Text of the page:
tired of feeling stressed no matter how much positive thinking
you attempt? Sick of self-help books whose subtle message
is, "you should be ashamed of yourself if you're not
happy." What if you could cultivate a genuine focused
sense of well being no matter how you're feeling or what's
going on around you?
Mindfulness Meditation: Accepting What You Feel in
an exotic and exclusively spiritual practice, expert doctors
and scientists now credit meditation with alleviating a host
of physical and mental ailments such as anxiety, depression,
high blood pressure, and chronic fatigue.
comes to mind when you think of meditation? Is it monks wearing
enlightenment on their sleeves, drinking super caffeinated
green tea, levitating at will, and disappearing into tree-lined
monasteries for days, weeks, or years at a time? Is it gym
yoga classes complete with $22.95/pair purple pastel blocks
and trendy attractive people in the front row? The gazillion
ads for guided meditation CDs that pop-up whenever you put
"meditation" into a search engine?
the word meditation conjures up some interesting images, but
arguably the general idea behind mindfulness meditation is
inherent in all forms of meditation. 99.9% of the time, our
mental processes are dominated by a never-ending stream of
angry, anxious, and reactive thoughts that rob us of our inherent
ability to feel at peace and focused in any given moment.
during a meditation practice, you encourage yourself to feel
aligned with whatever is happening in the present moment,
instead of getting caught up in habitual perceptions of what
has happened in the past or may happen in the future. By meditating,
you gently turn off the never-ending and very popular "what
if THIS happens" channel in your mind and just exist
in the here and now. As Dr. Jon Kabat-Zinn, renowned meditation
teacher, psychologist, and facilitator of the Stress Reduction
and Relaxation program at the University of Massachusetts
Medical Center says in Full Catastrophe Living:
Simply put, mindfulness is moment-to-moment awareness. It
is cultivated by purposefully paying attention to things we
ordinarily never give a moment's thought to. It is a systematic
approach to developing new kinds of control and wisdom in
our lives, based on our inner capacities for relaxation, paying
attention, awareness, and insight.
Jon. Full Catastrophe Living. Dell Publishing, New York, 1990,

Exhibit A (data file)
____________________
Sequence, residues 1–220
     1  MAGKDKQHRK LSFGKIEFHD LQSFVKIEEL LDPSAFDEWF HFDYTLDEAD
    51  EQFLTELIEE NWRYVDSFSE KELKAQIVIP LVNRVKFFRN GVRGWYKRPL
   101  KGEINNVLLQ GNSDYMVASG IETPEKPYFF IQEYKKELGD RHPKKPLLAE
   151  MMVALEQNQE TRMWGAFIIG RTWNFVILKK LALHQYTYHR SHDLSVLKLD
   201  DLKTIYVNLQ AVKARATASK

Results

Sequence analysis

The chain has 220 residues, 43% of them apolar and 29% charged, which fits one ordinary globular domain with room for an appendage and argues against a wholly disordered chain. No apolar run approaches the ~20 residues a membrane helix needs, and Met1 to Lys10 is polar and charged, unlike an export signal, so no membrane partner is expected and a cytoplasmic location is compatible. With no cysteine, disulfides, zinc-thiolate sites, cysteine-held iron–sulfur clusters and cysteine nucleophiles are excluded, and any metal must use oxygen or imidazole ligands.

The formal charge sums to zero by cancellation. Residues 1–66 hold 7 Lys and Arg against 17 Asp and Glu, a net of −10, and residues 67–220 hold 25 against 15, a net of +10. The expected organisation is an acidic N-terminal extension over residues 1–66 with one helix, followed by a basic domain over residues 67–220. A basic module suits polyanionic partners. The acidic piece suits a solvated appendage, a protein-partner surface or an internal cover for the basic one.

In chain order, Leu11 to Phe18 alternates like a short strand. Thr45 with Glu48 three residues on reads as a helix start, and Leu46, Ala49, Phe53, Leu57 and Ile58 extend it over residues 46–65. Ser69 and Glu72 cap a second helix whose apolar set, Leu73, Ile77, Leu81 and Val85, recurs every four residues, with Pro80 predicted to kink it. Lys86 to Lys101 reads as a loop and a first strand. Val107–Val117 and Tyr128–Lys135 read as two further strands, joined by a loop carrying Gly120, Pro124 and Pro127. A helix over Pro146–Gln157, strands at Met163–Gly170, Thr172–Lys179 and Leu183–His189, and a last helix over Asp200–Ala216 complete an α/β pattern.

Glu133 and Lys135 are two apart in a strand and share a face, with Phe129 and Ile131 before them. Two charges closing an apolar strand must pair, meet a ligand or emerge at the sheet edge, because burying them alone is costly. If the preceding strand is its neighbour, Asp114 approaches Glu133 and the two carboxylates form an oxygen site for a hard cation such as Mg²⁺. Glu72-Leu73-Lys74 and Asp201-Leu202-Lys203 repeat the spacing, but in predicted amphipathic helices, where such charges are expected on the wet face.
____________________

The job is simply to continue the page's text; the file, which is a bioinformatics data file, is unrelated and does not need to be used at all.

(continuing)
we accept the premise that feeling centered in the present
moment can be beneficial to our physical and mental well being,
how do we learn how to meditate?
there are many ways of introducing yourself to meditation,
three simple methods come to mind:
a meditation or yoga class with a teacher and other students.
guided meditation tapes or CDs to create your own practice.
focused awareness through short "spot" meditations,
even if you can't commit to a full fledged meditation practice.
Taking a Class with Others
gym or YMCA probably sponsors yoga classes which can function
as a kind of meditation-in-motion practice, even if you don't
have a full-fledged yoga school in your area. Typing "online
meditation class" into a search engine also yields virtual
classes encompassing many different time zones and meditation
philosophies compatible with almost anyone's belief system
Using Guided Meditation CDs
guided tapes and CDs can be a great starter program for anyone
unsure about beginning a meditation practice on their own.
Meditation for Optimum Health: How to Use Mindfulness and
Breathing to Heal Your Body and Refresh Your Mind, by Drs.
Jon Kabat-Zinn and Andrew Weil, is an excellent meditation
starter program for anyone (especially those interested in
scientific validation that meditation works).
Self-Acceptance, by renowned meditation teacher, Buddhist
lay priestess, and psychologist, Dr. Tara Brach, combines
psychological awareness with Buddhist teachings about compassion
in exploring how mindfulness meditation can alleviate the
shame or "the trance of unworthiness," so common
and destructive in modern life.
Naparstek's guided imagery series frequently gets rave reviews
from individuals using guided meditation/visualization in
working with specific issues such as post traumatic stress
disorder, weight loss, or insomnia.
Cultivating a Smidgen of Meditative Awareness: Spot
designed to be done in 5 minutes or less may not bring instant
enlightenment, but they can still provide a taste of feeling
calm and focused in the present moment. Flip the Switch: 40
Anytime, Anywhere Meditations in 5 minutes or Less by Eric
Harrison, is an excellent resource for anyone who can take
a few deep mindful breaths while waiting for a red light to
change or a meeting to start. Meditation from Thought to Action
by Alexander and Annellen Simpkins, also contains many short
exercises designed to focus the mind in a few minutes.
who have tried meditation usually agree that simply having
the intention to meditate has a profound effect on anyone's
mental/physical health and personal development. So what not
order a book or CD about meditation right now, and make an
investment in your well being?
Looking for a Zen-like focus to improve your life, golf game,
etc? Janna Chan and others provide articles and fun resources
on a variety of personal development subjects including meditation,
goal-setting, and mindful gift giving at: http://www.a-few-seconds-calm.com